United released a statement after the match in response to the incidents.
"The club deplore it. The manager has made the club's position very clear on this matter," a statement read.
"It is now up to the fans to respect that."
Ferguson takes his team to Anfield next weekend for the first Liverpool home game since the findings of an independent panel investigating the Hillsborough disaster were published this week.
Liverpool supporters were cleared of blame over the deaths of 96 people in 1989, with the panel laying the blame with South Yorkshire Police.
FA makes 'full and unreserved' Hillsborough apology
United supporters took to social media networks after the match to play down the significance of the songs, claiming that while they had been aimed at Liverpool, they related only to fallout from the Luis Suarez-Patrice Evra race row last season.
However, with the timing of the chants, the issue is particularly sensitive. The chant, which includes the words "It's never your fault, it's never your fault, always the victims, it's never your fault," was heard from a section of fans in the Stretford End early in the match.
The Manchester United Supporters Trust (MUST) later issued a statement saying that it agreed "100%" with Ferguson's pre-match words, but that the chants heard against Wigan were not about the Hillsborough disaster.
"Following this week's developments and release of revelatory information on the Hillsborough tragedy, MUST wishes to make it absolutely clear that just as we condemn chants mocking the Munich air disaster we also condemn any chants relating to Hillsborough or indeed any other human tragedy," said MUST chief executive Duncan Drasdo.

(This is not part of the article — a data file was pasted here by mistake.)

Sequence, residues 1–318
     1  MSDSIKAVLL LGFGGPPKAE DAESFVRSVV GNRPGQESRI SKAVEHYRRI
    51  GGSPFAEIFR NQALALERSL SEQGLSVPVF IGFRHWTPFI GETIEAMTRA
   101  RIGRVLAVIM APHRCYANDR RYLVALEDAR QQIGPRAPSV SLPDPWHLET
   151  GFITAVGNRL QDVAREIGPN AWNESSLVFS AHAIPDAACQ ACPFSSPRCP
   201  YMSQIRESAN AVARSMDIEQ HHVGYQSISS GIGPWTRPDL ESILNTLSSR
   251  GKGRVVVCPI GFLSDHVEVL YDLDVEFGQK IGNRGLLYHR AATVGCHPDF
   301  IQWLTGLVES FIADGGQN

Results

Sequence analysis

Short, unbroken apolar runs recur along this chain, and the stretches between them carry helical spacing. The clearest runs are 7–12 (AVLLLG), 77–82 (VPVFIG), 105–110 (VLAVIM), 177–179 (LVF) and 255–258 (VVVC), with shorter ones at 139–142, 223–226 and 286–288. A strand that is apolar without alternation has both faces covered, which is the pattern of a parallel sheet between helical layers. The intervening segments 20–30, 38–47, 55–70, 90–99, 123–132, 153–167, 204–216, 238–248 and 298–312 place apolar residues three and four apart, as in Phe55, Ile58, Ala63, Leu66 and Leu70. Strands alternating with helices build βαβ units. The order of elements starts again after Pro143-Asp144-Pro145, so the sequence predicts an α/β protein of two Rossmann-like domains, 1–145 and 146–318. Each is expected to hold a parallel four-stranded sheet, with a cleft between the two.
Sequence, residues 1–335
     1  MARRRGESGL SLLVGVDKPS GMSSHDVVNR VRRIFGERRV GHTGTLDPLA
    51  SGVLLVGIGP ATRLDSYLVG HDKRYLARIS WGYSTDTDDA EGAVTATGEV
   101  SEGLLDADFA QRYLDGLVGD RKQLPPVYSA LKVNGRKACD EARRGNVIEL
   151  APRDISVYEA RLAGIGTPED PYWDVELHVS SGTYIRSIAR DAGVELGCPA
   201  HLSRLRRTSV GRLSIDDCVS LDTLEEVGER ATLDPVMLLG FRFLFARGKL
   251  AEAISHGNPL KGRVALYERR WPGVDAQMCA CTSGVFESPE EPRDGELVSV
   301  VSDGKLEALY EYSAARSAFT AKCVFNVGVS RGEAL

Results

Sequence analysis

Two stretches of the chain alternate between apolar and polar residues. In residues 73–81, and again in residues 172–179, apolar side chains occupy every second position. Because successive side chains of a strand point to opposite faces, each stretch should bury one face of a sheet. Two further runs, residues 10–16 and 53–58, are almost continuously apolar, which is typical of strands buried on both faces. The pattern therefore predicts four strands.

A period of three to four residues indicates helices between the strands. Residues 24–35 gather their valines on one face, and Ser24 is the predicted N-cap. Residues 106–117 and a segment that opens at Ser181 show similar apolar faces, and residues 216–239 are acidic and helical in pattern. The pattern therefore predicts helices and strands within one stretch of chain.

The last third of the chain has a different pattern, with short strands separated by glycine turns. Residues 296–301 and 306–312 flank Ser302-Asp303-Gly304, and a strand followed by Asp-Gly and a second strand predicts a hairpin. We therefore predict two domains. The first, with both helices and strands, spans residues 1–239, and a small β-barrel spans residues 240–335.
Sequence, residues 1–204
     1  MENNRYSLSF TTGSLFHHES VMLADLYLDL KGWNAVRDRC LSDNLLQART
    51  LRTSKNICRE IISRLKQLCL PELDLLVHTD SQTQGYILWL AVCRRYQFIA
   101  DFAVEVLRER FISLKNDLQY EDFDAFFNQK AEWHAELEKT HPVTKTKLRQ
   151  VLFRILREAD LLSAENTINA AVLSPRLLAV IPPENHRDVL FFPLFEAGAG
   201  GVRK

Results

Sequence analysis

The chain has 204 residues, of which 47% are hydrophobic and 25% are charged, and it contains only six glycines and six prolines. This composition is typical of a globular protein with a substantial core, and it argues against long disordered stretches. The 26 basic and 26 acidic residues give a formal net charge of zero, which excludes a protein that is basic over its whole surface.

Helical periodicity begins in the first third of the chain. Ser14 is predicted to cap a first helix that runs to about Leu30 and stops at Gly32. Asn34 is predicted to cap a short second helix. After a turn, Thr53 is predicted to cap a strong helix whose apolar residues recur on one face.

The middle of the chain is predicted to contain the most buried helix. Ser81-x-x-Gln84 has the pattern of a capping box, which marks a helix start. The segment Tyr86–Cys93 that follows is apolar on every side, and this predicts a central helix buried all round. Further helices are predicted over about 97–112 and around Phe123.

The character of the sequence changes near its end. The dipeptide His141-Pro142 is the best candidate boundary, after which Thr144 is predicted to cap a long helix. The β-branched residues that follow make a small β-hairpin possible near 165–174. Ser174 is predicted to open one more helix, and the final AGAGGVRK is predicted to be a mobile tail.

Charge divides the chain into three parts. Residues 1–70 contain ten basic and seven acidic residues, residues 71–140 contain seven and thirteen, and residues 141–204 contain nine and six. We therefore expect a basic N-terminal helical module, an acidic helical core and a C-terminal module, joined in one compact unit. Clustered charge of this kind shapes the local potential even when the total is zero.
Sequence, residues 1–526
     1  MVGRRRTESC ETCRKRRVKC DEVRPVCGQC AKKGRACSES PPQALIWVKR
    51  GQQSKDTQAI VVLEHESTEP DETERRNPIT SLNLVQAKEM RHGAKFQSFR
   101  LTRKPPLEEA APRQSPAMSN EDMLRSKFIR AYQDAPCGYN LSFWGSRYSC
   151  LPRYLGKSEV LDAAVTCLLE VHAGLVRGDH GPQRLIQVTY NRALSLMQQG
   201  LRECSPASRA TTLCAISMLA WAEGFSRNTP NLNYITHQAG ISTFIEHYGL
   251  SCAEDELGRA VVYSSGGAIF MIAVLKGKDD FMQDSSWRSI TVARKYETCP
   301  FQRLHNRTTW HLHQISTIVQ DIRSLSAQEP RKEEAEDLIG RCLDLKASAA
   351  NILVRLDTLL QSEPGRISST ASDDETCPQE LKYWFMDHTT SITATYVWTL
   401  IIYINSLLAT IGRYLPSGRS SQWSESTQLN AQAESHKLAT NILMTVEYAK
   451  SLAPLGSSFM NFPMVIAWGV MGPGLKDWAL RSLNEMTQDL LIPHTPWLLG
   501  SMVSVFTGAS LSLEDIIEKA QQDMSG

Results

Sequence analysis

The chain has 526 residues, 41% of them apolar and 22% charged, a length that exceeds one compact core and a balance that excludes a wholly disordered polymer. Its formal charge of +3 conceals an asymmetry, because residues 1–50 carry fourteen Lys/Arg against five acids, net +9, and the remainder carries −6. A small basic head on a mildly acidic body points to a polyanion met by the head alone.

"We did hear the usual anti-Liverpool chants at the match today but we're pleased to say, despite some reports to the contrary, there was nothing that was specifically referencing Hillsborough.
"Any attempt to suggest otherwise is irresponsible given the forthcoming fixture between the clubs and furthermore risks needlessly upsetting the bereaved families further at a time when they are understandably trying to find closure.
"We enjoy a fierce rivalry but these issues transcend that rivalry. We agree 100% with the statement made by Sir Alex Ferguson - this is the time for supporters of these two great clubs to represent their clubs with the integrity and honour that our glorious history demands."
On Friday, Ferguson said he hoped both sets of supporters would "draw a line in the sand" in their heated rivalry, which has also seen some Liverpool fans mock United over the deaths of eight players in the 1958 Munich air crash.
"I think what will happen for that Liverpool game, I think there is such a focus on it at the moment, fans will be on their best behaviour," Ferguson said.
"I think it's a moment for those two great clubs to show why they're two great clubs. I don't anticipate any problems."
This page is best viewed in an up-to-date web browser with style sheets (CSS) enabled. While you will be able to view the content of this page in your current browser, you will not be able to get the full visual experience. Please consider upgrading your browser software or enabling style sheets (CSS) if you are able to do so.